(Reuters) - Pigs fed a diet of only genetically modified grain showed markedly higher stomach inflammation than pigs who dined on conventional feed, according to a new study by a team of Australian scientists and U.S. researchers.
The study adds to an intensifying public debate over the impact of genetically modified crops, which are widely used by U.S. and Latin American farmers and in many other countries around the world.
Severe Stomach Inflammation
Researchers said there were no differences seen between pigs fed the GM and non-GM diets for feed intake, weight gain, mortality, and routine blood biochemistry measurements.
But those pigs that ate the GM diet had a higher rate of severe stomach inflammation - 32 percent of GM-fed pigs compared to 12 percent of non-GM-fed pigs. The inflammation was worse in GM-fed males compared to non-GM fed males by a factor of 4.0, and GM-fed females compared to non-GM-fed females by a factor of 2.2. As well, GM-fed pigs had uteri that were 25 percent heavier than non-GM fed pigs, the study said.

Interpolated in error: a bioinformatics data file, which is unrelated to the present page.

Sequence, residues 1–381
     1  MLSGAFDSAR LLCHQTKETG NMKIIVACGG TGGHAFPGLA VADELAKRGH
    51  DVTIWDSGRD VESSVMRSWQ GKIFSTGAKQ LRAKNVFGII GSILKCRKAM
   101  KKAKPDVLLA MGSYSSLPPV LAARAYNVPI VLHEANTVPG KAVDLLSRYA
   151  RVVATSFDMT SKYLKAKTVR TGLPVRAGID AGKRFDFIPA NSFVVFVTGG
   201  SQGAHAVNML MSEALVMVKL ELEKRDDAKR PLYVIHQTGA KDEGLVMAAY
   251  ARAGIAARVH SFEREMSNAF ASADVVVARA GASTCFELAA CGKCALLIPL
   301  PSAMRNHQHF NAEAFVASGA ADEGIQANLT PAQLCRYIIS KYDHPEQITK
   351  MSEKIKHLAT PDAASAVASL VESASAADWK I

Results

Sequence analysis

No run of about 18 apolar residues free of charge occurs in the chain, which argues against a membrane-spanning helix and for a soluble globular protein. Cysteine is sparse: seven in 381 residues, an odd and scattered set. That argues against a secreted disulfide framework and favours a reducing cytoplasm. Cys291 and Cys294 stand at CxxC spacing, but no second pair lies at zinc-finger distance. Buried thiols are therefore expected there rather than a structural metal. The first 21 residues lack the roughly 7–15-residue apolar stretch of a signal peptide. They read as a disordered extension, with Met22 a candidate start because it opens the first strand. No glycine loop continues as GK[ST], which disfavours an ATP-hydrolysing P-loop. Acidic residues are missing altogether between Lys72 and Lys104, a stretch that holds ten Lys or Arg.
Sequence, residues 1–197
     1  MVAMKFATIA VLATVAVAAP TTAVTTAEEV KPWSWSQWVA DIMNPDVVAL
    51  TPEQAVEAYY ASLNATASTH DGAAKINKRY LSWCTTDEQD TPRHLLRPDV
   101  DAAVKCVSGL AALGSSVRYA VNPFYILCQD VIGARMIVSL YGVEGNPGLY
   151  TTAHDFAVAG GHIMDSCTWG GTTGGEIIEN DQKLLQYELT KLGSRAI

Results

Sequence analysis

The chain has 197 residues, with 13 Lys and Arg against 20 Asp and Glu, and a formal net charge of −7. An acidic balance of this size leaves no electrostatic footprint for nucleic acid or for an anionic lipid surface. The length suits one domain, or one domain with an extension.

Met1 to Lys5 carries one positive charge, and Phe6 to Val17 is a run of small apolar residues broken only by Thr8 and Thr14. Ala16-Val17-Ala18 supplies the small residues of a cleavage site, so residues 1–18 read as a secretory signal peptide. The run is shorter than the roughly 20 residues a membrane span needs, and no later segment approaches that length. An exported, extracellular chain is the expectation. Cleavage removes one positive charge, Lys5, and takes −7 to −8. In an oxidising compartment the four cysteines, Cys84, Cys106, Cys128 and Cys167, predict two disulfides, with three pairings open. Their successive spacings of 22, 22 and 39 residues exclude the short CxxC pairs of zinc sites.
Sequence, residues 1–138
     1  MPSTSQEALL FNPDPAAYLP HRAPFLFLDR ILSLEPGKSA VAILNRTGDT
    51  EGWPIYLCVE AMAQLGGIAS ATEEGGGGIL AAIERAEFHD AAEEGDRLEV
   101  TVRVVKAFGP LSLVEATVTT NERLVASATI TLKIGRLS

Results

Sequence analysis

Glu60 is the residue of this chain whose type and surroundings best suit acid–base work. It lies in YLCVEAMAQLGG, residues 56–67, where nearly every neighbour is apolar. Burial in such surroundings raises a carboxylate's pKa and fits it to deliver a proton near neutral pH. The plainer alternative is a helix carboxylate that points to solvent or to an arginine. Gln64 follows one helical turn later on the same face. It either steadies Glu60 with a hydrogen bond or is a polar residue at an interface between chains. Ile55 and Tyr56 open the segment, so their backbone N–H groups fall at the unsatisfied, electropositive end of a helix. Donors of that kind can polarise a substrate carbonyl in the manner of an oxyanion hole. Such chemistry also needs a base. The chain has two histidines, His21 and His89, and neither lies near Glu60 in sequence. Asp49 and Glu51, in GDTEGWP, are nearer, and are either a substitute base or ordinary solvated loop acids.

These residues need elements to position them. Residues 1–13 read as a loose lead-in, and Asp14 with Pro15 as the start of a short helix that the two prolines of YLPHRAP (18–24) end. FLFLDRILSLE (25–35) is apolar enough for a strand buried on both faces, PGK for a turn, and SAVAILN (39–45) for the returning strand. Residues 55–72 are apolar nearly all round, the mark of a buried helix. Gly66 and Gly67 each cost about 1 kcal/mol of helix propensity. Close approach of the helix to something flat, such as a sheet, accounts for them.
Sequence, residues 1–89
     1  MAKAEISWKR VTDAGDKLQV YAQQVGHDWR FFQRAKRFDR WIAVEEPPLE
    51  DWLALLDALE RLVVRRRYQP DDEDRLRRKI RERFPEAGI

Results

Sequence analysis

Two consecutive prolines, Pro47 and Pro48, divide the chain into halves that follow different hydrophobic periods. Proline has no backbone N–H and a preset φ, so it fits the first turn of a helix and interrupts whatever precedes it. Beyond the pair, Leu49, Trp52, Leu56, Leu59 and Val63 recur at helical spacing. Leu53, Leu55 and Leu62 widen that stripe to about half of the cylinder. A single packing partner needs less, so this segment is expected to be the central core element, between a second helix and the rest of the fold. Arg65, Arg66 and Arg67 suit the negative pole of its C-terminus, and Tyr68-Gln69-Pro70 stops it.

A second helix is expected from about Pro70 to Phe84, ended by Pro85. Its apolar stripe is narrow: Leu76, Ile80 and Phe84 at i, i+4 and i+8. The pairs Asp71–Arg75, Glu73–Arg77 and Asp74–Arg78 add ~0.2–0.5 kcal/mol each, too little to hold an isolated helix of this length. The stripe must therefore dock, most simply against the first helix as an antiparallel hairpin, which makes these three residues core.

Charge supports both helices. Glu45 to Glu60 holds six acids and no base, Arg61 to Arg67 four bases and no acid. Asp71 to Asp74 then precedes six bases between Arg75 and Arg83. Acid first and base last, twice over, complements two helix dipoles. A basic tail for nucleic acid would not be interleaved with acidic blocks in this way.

The researchers said more long-term animal feeding studies need to be done.
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